Canada's top securities regulator holds a roundtable today in Toronto on a proposal to protect — and pay — corporate whistleblowers who report fraud, bogus accounting and insider trading.

But the Ontario Securities Commission informant protection proposal will be more restrictive and stingy than programs in the United States that have prompted high-profile prosecutions and payouts in the tens of millions of dollars, including a $104-million award paid to a former UBS Swiss bank employee.

OSC commissioner Mary Condon will meet with lawyers and investor groups to discuss the proposed "Framework for an OSC Whistleblower Program" that takes inspiration directly from the "apparent successes" of U.S. regulators who pay tipsters for information to boost their crackdowns on financial crimes.

"The quick and dirty response from American lawmakers and policy analysts who are favourable to bounties is a very simple 'they work!'" lawyer Paul Lalonde told CBC News.  Lalonde, who specializes in international trade, ethics and anti-corruption, is a member of the watchdog group Transparency International Canada.

"They lead to more investigations. They uncover more violations of the law. They make companies more fearful of failing to comply, which I guess from a deterrence perspective is a good thing," said Lalonde.

Change needed

In Canada, recent high profile corporate corruption cases, including an RCMP probe of Toronto mining company MagIndustries and the foreign bribery prosecutions involving SNC Lavalin, were sparked by whistleblowers who wrote anonymous letters or leaked company misdeeds to the media — not regulators or police — because of fears of being revealed.

The OSC wants to change that.

Here's what an unnamed employee of SNC-Lavalin told CBC News about whistleblowing in 2012:

'If I didn't have kids in school and could count on the respect and protection I deserve from [the CEO] and the board I would go and pull their ears myself! We have emails, but you can't use them or we will be identified....These complacent officers are paid a fortune and many have made millions on their shares based largely on crooked Libyan deals, and are responsible for making people like me and my friends culpable in a criminal enterprise, just by our silence.'

"We believe that the payment of a financial incentive is the most critical [factor] to the success of the program," the OSC proposal says.

Although the goal is to better protect whistleblowers' identities, Ontario's regulator might not be able to guarantee full anonymity once a case reaches court. That's unlike the U.S. situation, where SEC whistleblowers' identities have statutory protections.

Money talks

The biggest difference for would-be Canadian whistleblowers is the money.

"We believe that the payment of a financial incentive is the most critical to the success of the program," the OSC's framework paper states.  But there would be limits. Bona fide tipsters would be eligible to receive up to 15 per cent of any settlements in excess of $1 million, to a maximum of $1.5 million per whistleblower.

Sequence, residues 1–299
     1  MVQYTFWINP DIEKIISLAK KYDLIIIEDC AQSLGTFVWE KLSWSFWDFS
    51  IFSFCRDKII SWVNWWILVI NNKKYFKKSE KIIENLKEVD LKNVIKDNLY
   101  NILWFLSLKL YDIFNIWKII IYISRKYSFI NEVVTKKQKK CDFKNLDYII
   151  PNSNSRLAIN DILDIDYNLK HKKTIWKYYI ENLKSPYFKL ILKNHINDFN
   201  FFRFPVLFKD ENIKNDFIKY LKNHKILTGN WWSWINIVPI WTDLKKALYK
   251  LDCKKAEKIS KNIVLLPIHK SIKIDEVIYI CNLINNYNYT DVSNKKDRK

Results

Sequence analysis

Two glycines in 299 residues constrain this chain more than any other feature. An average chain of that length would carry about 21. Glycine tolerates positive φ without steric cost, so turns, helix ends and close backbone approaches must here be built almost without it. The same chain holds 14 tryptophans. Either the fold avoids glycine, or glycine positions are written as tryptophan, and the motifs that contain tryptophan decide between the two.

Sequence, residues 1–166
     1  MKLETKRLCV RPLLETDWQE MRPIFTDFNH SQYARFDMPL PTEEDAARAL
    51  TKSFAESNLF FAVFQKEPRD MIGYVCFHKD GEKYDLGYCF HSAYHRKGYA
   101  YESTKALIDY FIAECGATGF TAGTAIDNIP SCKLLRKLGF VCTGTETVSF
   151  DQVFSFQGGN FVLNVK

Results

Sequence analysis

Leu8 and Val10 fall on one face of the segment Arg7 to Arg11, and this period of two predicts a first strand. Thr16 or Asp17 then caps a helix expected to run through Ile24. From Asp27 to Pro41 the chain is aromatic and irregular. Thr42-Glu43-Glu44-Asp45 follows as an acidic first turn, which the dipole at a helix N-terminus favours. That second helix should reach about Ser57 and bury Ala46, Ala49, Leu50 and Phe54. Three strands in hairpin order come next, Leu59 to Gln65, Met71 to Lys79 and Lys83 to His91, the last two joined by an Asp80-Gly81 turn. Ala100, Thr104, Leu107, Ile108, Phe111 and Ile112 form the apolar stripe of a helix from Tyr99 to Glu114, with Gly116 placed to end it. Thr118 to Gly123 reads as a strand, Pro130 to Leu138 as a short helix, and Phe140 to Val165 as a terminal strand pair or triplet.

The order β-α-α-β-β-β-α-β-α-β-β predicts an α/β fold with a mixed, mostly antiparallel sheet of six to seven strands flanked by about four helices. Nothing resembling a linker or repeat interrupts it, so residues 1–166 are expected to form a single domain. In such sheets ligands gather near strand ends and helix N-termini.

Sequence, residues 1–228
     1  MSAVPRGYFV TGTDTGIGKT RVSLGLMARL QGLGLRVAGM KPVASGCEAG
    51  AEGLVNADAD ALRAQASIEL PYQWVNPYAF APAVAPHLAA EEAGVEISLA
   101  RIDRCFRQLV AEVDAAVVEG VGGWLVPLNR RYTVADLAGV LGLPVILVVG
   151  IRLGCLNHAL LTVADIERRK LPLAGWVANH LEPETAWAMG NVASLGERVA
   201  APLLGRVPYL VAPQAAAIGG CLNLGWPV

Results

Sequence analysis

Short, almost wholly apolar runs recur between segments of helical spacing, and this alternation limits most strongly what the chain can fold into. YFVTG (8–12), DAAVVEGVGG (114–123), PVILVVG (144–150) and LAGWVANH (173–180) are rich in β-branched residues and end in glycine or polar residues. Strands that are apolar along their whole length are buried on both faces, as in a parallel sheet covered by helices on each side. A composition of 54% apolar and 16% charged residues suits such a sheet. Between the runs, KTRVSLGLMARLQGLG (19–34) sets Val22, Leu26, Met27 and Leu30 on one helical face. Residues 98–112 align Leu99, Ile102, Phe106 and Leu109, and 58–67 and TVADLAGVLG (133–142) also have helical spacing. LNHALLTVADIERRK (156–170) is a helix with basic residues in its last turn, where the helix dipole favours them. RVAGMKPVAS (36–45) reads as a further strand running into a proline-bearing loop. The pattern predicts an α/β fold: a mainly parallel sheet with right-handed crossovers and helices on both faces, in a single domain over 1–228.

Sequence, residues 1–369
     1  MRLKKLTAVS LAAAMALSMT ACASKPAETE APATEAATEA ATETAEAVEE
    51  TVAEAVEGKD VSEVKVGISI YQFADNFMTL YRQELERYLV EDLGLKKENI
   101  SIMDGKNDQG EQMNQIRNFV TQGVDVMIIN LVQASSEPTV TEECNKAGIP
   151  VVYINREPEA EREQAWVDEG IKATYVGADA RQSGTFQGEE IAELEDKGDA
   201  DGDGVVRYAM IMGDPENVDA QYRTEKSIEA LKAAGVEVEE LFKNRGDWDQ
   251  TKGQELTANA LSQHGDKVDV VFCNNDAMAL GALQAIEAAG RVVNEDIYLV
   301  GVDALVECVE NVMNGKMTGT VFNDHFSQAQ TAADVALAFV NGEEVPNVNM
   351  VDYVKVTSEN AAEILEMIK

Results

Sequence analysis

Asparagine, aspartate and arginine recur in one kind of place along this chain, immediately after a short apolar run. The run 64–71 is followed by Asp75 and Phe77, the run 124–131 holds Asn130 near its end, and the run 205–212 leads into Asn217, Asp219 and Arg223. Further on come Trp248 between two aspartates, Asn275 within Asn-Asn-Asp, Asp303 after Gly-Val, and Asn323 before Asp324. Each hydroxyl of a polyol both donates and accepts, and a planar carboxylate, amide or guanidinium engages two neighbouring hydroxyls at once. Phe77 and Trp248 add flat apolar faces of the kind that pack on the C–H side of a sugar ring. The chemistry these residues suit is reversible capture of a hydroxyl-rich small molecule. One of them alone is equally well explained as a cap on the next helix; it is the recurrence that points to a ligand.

It's also unclear whether whistleblowers who are themselves mired in the illegal activity would be eligible for payouts.  

"The argument in favour of allowing culpable whistleblowers to receive an award is that it may lead to high quality information being received," states the OSC proposal. "However, [that] may send an inappropriate message to the market and may harm the overall integrity of the whistleblower program."

Thorny issue

Transparency International Canada's Paul Lalonde says while better whistleblower protection is vital, he cautions that large bounties can ironically undermine internal whistleblower programs and ethical corporate culture.

"I think to some degree [payoffs to tipsters] undermine efforts by companies to promote internal compliance whistleblowing," Lalonde said.  "Whistleblower bounties can cross a line and actually create perverse incentives for people to be in cahoots with the bad behaviour and then if they feel the temperature rising a bit, to then cash in on the bounty."

In the U.S., the largest whistleblower award ever paid out was by the Internal Revenue Service (IRS) which paid $104 million to a former American banker at UBS.  Bradley Birkenfeld reported the Swiss bank for engaging in massive fraud and tax evasion. The company was fined $780 million. Birkenfeld tried to negotiate immunity for himself but ultimately wound up serving two and a half years in prison for his role.  

After his release from prison in 2012 the IRS, citing his "exceptional co-operation" and the "breadth and depth" of his information, lived up to its whistleblower policy and paid Birkenfeld 25 per cent of the roughly $400 million recouped in the probe.

In 2010, the U.S.set up a whistleblower program under the Dodd-Frank Wall Street Reform Law Act that resulted in more than 3,000 tips last year alone to the U.S. Securities and Exchange Commission (SEC).  

One of the tipsters, an unnamed foreign citizen, was paid more than $30 million for information that led to a successful prosecution.  The SEC said it "hopes that awards like this one will incentivize company and industry insiders, or others who may have knowledge of possible federal securities law violations, both in the U.S. and abroad, to come forward and report their information promptly to the commission."​

The Canada Revenue Agency began an offshore tax informant program in January 2014, offering up to 15 per cent of funds recovered in cases that see the CRA recoup more than $100,000.  To date, the program has received 2,000 calls, leading to 100 tipsters being considered for eligibility with a number entering into formal contracts with the agency.  But because the program is so new, there has yet to be a single financial payment to anyone informing on a tax cheat.